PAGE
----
When you search for new, TBM=nws, you can also use the following TBS values:

  • News from blogs: tbs=nrt:b
  • New from all sources: tbs=nrt:a (or leave it out completely)

Note! The above is valid when you search for news (TBM=nws) on main search site. If you use, the mechanics work differently, and the TBS parameter does not have any effect. Instead, there are a few other URL request parameters, specific to news search:

  • Search for news on one of the topics defined by Google, for example Technology: topic=tc [w, n, b, e, s, snc, m, h]
  • Search for news relevant to a national context (news edition), for example Australia: ned=au or Argentina: ned=es_ar

Example: Technology news in the Australia news edition:

TBS parameters valid for patent search (TBM=pts)

When you search for patents, TBM=pat, you can also use the following TBS values:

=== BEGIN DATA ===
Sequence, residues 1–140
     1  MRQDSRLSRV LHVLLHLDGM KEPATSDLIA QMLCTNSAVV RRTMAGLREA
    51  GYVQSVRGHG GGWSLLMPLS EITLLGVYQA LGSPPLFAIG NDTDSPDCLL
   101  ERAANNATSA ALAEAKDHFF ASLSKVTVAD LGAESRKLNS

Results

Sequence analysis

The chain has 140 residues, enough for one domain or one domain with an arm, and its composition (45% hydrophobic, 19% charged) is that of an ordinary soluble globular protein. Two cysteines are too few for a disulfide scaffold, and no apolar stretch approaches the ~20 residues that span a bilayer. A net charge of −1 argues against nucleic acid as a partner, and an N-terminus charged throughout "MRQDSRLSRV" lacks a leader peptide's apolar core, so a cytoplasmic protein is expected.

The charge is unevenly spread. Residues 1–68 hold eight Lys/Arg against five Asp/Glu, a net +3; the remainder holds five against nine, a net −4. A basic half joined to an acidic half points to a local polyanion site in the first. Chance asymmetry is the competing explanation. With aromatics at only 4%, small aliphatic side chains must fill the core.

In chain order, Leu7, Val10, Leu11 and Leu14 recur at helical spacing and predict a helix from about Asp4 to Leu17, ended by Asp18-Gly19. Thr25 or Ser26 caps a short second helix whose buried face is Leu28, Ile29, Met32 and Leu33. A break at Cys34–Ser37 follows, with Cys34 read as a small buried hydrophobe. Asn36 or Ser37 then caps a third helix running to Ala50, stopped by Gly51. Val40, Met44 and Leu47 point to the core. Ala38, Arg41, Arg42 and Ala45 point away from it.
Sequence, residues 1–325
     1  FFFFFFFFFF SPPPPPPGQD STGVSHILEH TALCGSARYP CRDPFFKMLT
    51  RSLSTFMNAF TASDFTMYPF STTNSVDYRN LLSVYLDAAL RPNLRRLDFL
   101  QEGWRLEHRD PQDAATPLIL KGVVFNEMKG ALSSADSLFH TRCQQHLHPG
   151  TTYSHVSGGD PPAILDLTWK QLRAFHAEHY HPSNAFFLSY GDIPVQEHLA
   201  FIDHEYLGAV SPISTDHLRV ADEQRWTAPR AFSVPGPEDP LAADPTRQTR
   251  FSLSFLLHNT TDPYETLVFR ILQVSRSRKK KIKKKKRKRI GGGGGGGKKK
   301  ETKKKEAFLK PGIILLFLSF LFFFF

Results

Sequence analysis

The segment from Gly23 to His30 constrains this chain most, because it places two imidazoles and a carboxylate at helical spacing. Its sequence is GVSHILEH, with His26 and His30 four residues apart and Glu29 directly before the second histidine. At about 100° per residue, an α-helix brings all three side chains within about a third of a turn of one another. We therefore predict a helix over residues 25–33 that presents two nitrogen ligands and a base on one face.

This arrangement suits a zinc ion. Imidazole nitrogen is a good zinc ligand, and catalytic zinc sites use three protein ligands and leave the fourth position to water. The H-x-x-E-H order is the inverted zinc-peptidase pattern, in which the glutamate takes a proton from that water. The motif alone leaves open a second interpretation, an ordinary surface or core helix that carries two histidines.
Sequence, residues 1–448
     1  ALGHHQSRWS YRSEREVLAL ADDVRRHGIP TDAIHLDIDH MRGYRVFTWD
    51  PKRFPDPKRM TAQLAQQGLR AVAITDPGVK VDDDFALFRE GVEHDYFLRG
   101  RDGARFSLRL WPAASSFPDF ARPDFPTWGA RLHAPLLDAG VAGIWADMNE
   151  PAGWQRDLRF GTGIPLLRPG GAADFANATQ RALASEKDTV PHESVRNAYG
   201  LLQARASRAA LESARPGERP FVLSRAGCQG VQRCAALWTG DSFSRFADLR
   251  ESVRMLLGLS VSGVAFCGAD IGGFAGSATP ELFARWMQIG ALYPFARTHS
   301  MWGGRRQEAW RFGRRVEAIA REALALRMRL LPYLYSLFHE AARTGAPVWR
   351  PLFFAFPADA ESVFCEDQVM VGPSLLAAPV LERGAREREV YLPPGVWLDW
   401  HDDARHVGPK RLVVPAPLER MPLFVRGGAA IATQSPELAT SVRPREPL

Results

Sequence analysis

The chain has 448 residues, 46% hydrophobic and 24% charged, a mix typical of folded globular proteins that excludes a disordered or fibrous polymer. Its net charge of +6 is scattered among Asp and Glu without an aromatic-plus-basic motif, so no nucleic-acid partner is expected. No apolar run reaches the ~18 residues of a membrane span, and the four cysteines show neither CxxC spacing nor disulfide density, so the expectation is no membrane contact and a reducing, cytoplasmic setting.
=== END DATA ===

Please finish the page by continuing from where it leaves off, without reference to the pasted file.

• Patent office United States: tbs=ptso:us
  • Patent office Europe: tbs=ptso:ep
  • Patent filing status is application: tbs=ptss:a
  • Patent filing status is issued patent: tbs=ptss:g
  • Patent type Utility: tbs=ptst:u
  • Patent type Design: tbs=ptst:d
  • Patent type Plant: tbs=ptst:pp
  • Patent type Defensive publication: tbs=ptst:t
  • Patent type Additional improvement: tbs=ptst:ai
  • Patent type Statutory Invention Registration: tbs=ptst:h
  • Sort by filing date latest first: tbs=sbd:1
  • Sort by filing date oldest first: tbs=sbdo:1

Example URL: Search for granted patents than contain the phrase “capacitive touch screen” and the word handheld, registered with the US patent office, in the category of Utility patents, and sort the results with the oldest on top:,ptso:us,ptss:g,sbdo:1

TBS parameters valid for recipe search (TBM=rcp)

No longer working as of 2016 May 3.

When you search for recipes, TBM=rcp, you can also use the following TBS values: